Air France said it began noticing sensor problems in May 2008
The body of the chief pilot of the Air France plane that crashed into the Atlantic on 1 June has been identified, the company has said.
It said the remains of the pilot and also a flight attendant were among some 50 bodies recovered by search teams.
All 228 people on board the Airbus 330 flying from Rio de Janeiro to Paris are believed to have been killed.
There has been speculation that faulty data on the old-style speed sensors may have caused the crash.
"Among the victims who have been recovered from the ocean, two members of the crew of flight AF447 have been identified to date: the captain and a steward," Air France said in a statement.
It did not provide any further details.
Brazilian and French teams are continuing their search for more bodies some 800km (500 miles) north-east of Brazil's Fernando de Noronha islands where the plane disappeared in turbulent weather.
SEARCH FOR FLIGHT AF 447
1 June: Contact lost with plane over mid-Atlantic
2 June: First debris spotted from the air includes an airline seat. Brazilian defence minister says debris is from missing plane
3 June: More debris spotted, including a 7m-wide chunk of metal. Fuel slick seen on ocean surface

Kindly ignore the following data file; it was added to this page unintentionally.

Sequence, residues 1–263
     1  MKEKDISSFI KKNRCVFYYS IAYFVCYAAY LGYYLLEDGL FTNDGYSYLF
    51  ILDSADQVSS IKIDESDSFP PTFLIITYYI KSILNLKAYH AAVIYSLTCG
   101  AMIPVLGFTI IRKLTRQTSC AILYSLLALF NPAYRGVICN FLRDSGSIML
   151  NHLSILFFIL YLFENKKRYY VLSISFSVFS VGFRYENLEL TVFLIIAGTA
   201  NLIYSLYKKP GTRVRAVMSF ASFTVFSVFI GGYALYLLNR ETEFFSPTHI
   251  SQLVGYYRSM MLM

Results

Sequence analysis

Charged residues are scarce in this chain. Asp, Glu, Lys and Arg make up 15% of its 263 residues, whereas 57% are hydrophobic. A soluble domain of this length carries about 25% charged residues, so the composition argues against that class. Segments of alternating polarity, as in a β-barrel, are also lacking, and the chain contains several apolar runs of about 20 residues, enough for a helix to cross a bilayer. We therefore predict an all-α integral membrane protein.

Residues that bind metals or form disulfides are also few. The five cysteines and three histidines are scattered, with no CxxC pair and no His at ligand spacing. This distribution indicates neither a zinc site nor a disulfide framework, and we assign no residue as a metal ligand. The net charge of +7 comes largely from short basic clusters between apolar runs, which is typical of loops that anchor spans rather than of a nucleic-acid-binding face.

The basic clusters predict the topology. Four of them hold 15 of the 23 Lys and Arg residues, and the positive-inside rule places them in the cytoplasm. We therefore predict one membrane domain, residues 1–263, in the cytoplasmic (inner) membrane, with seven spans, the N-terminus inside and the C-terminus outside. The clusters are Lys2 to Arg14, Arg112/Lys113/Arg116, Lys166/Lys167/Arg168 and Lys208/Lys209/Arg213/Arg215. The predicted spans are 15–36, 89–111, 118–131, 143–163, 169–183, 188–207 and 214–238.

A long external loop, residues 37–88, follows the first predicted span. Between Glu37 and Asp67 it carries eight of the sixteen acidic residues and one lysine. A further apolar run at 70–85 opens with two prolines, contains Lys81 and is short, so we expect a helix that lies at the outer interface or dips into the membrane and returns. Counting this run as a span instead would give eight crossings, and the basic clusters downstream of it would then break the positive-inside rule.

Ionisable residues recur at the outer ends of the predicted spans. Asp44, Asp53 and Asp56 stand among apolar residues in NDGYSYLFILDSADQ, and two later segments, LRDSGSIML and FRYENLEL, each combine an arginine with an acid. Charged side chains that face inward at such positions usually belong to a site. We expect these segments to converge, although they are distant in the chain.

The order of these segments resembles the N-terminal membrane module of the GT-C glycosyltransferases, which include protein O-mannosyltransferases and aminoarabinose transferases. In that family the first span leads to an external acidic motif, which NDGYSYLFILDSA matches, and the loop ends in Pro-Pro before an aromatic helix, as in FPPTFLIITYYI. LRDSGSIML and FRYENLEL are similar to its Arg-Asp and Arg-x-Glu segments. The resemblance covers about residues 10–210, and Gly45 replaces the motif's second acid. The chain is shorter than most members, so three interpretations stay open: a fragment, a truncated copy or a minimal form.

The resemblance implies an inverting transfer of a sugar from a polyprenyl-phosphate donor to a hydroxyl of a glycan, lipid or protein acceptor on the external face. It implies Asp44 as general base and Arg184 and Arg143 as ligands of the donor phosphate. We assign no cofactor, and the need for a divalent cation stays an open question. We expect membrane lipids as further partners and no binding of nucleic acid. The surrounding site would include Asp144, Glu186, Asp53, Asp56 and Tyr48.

4 June: Buoys and pallet recovered from ocean said to be from plane. Officials later retract statement
6 June: First two bodies, plus suitcase and backpack found, along with seat thought to be from the plane
The plane's flight recorders - known as black boxes - have not been found.
Investigators say sensors onboard the plane were providing "inconsistent data" in the minutes before it went missing.
Air France said soon after the crash that in May 2008 it had begun noticing "incidents of loss of airspeed information during cruise flight" on its A330 and A340 jets - although only a "small number" of incidents had been reported.
The airline said it had contacted Airbus, who sent a recommendation to replace the monitors.
The plane that crashed into the Atlantic on 1 June had old-type speed sensor.
However, Air France stressed that the manufacturers had not made this a safety requirement.
French investigators also warned against drawing early conclusions.
An initial report by France's Investigation and Analysis Bureau (BEA) would be released on 2 July, the agency said on Thursday.